Regardless of whether or not my clothes are in the forbidden category, I doubt I could avoid looking like an American.  Women in European cities favor black and other neutrals. I love bright colors.  At the other extreme is the bland interchangeable travel wardrobes in practical packable fabrics they sell on travel websites.  Those are probably a dead giveaway for any tourist.  It's not easy to look respectable and conservative and still be chic.  Sometimes tourists try so hard to blend in, we end up sticking out.  Those plain black pants and microfiber tops with the black slip on shoes may not turn any heads for bad taste, but they don't reflect the local flavor and fashion trends.  They still scream, "American", but a less tacky American.

Another dead giveaway for tourists are the bags we carry.  I am paranoid about pickpockets, so I always wear cross-body bags and own security purses made of fabric that can't be slashed and have steel-cable-reinforced straps that can't be cut, along with locks on the zippers.  They may be theft-deterrent, but they aren't the cute purses local women are carrying.  I wear bags made to avoid pickpockets, but those bags make me look like a tourist, and tourists are pickpockets' favorite targets.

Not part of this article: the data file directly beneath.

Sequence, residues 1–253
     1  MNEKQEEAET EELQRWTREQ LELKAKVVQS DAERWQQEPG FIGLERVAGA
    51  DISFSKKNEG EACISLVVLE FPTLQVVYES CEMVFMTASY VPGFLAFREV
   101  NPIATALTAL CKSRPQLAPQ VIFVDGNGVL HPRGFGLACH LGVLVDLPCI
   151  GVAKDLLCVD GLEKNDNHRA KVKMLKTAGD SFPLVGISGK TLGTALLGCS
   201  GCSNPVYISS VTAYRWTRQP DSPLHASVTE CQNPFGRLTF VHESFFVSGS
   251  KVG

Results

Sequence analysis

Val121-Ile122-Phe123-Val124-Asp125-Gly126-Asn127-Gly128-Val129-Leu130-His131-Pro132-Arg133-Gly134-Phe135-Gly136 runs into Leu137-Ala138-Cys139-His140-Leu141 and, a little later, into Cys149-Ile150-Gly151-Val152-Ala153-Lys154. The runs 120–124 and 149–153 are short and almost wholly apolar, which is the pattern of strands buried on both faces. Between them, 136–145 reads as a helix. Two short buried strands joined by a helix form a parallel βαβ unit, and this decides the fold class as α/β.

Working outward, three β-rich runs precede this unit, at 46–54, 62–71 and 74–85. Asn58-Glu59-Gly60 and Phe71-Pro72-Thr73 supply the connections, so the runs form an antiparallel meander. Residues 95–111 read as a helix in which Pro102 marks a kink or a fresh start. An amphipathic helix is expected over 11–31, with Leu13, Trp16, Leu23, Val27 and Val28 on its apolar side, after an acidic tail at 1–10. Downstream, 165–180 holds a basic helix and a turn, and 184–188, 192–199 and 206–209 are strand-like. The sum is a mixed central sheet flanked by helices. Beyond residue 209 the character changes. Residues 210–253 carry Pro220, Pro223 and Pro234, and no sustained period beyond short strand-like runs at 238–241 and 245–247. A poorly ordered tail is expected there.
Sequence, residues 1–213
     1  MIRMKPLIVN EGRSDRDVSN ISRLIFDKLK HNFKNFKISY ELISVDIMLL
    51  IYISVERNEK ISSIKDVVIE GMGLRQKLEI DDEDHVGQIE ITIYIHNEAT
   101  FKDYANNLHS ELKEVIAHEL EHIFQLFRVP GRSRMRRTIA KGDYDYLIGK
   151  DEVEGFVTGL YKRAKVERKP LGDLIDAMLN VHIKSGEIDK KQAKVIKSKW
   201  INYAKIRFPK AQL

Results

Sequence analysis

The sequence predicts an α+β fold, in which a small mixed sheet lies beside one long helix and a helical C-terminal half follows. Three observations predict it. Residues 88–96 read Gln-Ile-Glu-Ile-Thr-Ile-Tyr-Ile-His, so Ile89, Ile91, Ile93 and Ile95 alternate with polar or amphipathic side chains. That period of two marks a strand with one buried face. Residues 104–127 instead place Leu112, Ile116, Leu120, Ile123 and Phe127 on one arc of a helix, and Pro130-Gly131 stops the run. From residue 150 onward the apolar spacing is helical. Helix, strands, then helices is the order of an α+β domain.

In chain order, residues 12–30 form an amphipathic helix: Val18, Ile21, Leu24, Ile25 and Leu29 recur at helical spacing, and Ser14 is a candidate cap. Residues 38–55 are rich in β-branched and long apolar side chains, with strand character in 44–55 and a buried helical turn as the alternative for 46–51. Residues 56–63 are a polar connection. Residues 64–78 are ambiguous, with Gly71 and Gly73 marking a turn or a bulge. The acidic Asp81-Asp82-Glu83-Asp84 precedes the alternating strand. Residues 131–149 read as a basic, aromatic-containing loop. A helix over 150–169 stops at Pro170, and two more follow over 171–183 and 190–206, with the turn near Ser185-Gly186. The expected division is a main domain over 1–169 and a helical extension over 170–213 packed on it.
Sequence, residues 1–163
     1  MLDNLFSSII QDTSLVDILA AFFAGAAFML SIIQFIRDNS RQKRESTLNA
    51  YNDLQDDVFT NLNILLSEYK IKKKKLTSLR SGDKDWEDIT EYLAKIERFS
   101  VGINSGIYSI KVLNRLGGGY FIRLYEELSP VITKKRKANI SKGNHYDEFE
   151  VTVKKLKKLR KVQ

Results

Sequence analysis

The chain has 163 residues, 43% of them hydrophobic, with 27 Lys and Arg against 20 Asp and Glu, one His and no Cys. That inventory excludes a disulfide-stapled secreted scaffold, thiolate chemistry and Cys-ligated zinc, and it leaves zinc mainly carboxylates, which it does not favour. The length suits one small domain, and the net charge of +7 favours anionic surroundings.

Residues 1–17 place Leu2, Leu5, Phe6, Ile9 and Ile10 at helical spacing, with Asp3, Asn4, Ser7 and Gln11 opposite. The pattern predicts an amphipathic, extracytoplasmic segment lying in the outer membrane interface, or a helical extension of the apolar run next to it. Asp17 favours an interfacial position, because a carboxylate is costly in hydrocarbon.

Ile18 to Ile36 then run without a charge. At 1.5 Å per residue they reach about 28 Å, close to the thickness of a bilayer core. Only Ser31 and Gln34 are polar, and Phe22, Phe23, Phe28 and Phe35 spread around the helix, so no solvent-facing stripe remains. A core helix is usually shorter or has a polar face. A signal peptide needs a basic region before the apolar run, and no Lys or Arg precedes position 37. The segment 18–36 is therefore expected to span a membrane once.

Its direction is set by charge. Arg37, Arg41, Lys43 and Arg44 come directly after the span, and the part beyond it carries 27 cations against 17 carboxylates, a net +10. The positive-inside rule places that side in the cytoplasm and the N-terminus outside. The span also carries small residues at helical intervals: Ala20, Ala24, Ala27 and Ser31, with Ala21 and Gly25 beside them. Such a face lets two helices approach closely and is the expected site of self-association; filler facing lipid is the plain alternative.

The final issue to consider is how much to pack.  I don't want to be burdened with a giant suitcase while going from the airport to my transport to my hotel.  I also have to consider baggage fees.  How do I pare my wardrobe down to the essentials?  This creates a whole other conundrum.